The Foundation for Sara is fighting for research to be done into the muscle disease MDC1A, also known as Lama2-MD. Help us fight muscular dystrophy. For Sara and for all the other children and adults.
The Dutch foundation Voor Sara was established at the end of 2016 by Sara Verbrugges parents. Sara (see picture on this page) is a lively 7 year old girl from Dordrecht in The Netherlands who was born with the incurable muscle disease MDC1A, also known as Lama2 muscular dystrophy.
Lama2-MD is a hereditary muscle disorder often noticed at birth or within the first few months of life. It is a type congenital muscular dystrophy (CMD) and has an incidence of 1 in 30,000 to 1 in 100,000. MDC1A is caused by a defect in the LAMA2 gene which is responsible for the production of laminin α2 protein (previously called merosin).
The aim of the foundation is to have more research done into this disease.
The aim of the foundation is to have more research done into this disease.But also to inform patients about research and treatments. We also want to inform the general public about the many unknown and rarely occurring muscle diseases and the impact these have on sufferers and their families.
MDC1A is a congenital muscle dystrophy which manifests itself as muscular weakness . Babies often appear floppy and may not move as much as other babies. Children with Lama2-MD reach motor milestones later than other children and only a very small proportion of children are able to walk independently. Muscle weakness does not tend to rapidly progress and motor function remains relatively stable throughout childhood. When children reach puberty however, and grow taller and heavier, children might experience additional difficulties. Children may develop, or be born with, ‘contractures’. A very common problem in children with Lama2-MD is weakness of the respiratory muscles, which results in frequent chest infections and poor breathing at night. Respiratory issues usually stabilize or improve in the first few years. In adolescence however, respiratory function may begin to decline. Most children with Lama2-MD also develop a curvature of the spine (scoliosis). Another frequent problem is feeding difficulties and the accompanied weight loss. In the worst cases patients die in childhood.
There is no cure for Lama2-MD and no therapy that combats the underlying cause. Physiotherapy can help prevent the ‘contractures’, children may develop or are borne with, and a program of exercises should be worked out with a physiotherapist very soon after diagnosis, but surgery is often eventually required to release contractures. It is important to monitor respiratory function during the night and children may need to use a ventilator at night with a special facial or nasal mask. For some patients this is insufficient and a tracheostomy is needed. Respiratory issues usually stabilise or improve in the first few years, but, in adolescence however, respiratory function may begin to decline requiring more ventilator support. It is important to make sure that children with Lama2-MD are well nourished. Often the swallowing muscles are weak and feeding supplements are needed.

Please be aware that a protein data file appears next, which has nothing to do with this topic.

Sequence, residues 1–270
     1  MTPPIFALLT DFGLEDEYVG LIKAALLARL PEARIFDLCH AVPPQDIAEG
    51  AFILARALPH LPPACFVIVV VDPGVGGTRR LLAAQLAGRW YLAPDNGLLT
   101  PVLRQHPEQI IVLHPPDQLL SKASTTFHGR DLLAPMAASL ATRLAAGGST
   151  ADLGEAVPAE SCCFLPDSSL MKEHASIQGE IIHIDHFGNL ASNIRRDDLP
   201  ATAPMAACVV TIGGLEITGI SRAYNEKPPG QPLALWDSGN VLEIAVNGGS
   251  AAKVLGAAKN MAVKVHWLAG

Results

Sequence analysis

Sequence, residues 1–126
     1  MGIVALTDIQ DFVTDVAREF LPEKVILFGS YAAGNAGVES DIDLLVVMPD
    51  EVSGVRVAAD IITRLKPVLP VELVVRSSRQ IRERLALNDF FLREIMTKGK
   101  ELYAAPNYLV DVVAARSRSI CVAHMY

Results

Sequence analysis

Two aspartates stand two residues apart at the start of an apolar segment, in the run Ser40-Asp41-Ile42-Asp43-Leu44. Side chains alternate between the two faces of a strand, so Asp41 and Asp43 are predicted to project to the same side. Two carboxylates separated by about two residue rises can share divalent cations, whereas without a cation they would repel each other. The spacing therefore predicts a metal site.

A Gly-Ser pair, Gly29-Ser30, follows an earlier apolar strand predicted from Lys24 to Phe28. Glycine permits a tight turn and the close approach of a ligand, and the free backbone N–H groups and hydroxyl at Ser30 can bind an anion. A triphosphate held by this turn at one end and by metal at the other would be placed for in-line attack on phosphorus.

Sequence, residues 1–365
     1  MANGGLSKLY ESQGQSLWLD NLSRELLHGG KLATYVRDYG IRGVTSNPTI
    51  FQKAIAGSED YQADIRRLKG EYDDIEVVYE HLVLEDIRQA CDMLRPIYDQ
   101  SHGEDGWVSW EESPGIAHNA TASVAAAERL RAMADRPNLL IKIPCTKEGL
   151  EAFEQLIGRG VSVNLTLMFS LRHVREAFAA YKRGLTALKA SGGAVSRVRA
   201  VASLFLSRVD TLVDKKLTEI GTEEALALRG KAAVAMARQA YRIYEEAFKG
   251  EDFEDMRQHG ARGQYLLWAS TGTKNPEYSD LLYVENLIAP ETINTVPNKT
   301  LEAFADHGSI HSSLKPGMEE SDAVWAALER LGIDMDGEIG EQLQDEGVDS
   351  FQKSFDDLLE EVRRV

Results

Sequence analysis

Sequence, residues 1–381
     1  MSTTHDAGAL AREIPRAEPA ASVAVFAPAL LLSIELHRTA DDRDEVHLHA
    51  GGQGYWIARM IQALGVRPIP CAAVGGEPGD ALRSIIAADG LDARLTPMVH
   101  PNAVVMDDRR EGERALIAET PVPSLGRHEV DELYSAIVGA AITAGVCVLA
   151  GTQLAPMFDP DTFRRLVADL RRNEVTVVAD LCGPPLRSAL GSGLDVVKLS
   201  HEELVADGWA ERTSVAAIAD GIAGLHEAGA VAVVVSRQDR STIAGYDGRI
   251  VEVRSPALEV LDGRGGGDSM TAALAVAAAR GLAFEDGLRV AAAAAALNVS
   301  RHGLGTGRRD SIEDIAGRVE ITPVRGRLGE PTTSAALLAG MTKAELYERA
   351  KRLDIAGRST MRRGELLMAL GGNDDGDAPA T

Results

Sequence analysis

Stichting Voor Sara believes that by investing in research it must be possible to halt these rare muscle diseases. Because Sara is not alone. There are thousands of children with some form of rare muscle disease. Because this muscular dystrophy is so rare we believe that international coöperation is key. We work together with international patientorganisations such as CureCMD and founded Lama2 Europe in coöperation with the Spanish ImpulsaT and French Lama2 France foundations. We organise conferences and family days for patients.
Voor Sara initiated a natural history study at the Radboud Nijmegen in the Netherlands, where 26 patients are enrolled. We also try to help other patientsorganisations to start their natural history study.
A scientific research team of several international universities under de lead of the university of Maastricht have started with a research plan that could help countless children. For this research, however, a lot of money is needed. With your support we can raise enough funds to help all the patients. A breakthrough would not only help Sara but many more children.
Give them all a chance for a healthier future, visit our website and make a donation.